Plans for 180ft £1million Elizabeth Landmark set for approval by Northumberland County Council

Plans for a 180-foot sculpture in the Northumberland hills, which have split opinion, are back before county councillors next week.

Wednesday, 26th June 2019, 11:24 am
Updated Wednesday, 26th June 2019, 12:52 pm
An artist’s impression of how the Elizabeth Landmark would look.

Known as the Elizabeth Landmark and commissioned to commemorate Queen Elizabeth II and the Commonwealth, the application was recommended for approval by planning officers.

Their view was that the ‘wider public benefits of a major new landmark public art feature’ and the tourism opportunities outweighed any negatives, but not all locals shared this view, with objections voiced by residents and the ward member, Coun John Riddle, at the June 4 meeting.

Despite a lengthy discussion, committee members remained divided on the merits or otherwise of the proposal and agreed to defer the decision for a site visit, after an initial motion to approve the scheme was voted down.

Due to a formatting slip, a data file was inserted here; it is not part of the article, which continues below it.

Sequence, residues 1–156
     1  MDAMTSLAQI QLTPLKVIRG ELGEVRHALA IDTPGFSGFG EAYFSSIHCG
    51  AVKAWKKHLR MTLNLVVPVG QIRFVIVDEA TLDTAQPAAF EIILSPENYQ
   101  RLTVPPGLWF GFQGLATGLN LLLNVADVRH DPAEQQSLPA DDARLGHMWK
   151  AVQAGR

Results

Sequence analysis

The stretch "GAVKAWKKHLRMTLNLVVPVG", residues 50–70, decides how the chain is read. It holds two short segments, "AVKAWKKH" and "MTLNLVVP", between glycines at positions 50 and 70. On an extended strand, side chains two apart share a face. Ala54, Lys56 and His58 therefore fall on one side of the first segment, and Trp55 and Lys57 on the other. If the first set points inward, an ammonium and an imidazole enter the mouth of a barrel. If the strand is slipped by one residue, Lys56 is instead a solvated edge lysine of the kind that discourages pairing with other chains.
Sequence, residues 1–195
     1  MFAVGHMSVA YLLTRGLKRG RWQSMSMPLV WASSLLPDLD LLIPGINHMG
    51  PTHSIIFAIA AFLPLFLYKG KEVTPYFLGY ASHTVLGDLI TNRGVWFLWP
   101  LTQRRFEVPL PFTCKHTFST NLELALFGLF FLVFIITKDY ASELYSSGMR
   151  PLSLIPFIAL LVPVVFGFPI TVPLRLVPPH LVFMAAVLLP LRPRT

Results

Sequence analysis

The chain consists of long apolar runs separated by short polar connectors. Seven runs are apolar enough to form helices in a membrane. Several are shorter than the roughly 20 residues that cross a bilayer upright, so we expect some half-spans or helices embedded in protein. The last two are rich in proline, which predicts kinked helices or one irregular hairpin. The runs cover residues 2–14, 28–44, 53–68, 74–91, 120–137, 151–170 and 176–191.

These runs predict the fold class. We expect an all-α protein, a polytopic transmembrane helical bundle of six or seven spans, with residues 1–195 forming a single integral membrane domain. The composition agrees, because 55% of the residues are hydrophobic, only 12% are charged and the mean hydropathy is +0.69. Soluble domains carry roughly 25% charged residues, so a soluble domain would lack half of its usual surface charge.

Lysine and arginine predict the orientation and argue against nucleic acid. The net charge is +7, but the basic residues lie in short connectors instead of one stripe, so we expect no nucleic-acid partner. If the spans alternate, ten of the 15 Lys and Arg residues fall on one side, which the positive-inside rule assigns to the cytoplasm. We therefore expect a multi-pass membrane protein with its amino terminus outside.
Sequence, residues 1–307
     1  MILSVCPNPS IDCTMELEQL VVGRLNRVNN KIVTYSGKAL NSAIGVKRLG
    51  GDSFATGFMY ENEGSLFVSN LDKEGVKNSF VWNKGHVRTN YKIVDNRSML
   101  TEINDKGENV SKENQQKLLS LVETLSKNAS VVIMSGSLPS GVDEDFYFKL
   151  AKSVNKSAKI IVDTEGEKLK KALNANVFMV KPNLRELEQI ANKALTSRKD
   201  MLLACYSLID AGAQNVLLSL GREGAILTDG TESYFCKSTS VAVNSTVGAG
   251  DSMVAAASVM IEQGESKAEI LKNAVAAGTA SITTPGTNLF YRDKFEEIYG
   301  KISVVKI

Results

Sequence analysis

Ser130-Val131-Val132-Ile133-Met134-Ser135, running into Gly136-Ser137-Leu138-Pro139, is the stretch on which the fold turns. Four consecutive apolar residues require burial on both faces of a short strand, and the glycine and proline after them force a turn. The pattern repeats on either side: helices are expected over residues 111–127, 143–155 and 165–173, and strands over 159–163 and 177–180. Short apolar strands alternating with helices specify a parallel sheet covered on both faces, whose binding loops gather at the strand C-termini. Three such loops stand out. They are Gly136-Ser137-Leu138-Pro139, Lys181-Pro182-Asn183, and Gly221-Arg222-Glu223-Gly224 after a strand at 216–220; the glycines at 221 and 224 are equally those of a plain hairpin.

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Now, the bid is back before the planning committee next Tuesday (July 2).

The recommendation for approval has not been changed, but an additional report has been tabled and it includes comments from the council’s tourism manager, after the lack of response was highlighted by Coun Jeff Reid at the last meeting.

The response says that ‘it is believed that the structure will be a sensitive asset in relation to the landscape and the environment and it is noted that it will not exist as an isolated structure, being in an area already populated with wind turbines’.

It adds: ‘While it is questionable that the landmark will exist as a substantially visited singular attraction, it will as an unusual feature and point of interest, add value to the total visitor offer within the county and as such will contribute directly to ambitions for sustained growth in our economy.’

The idea for the £1million, 56-metre structure was first revealed last May by the owner of the Ray estate, Lord Devonport, with the design – Ascendant, by Simon Hitchens – selected from a choice of three last August.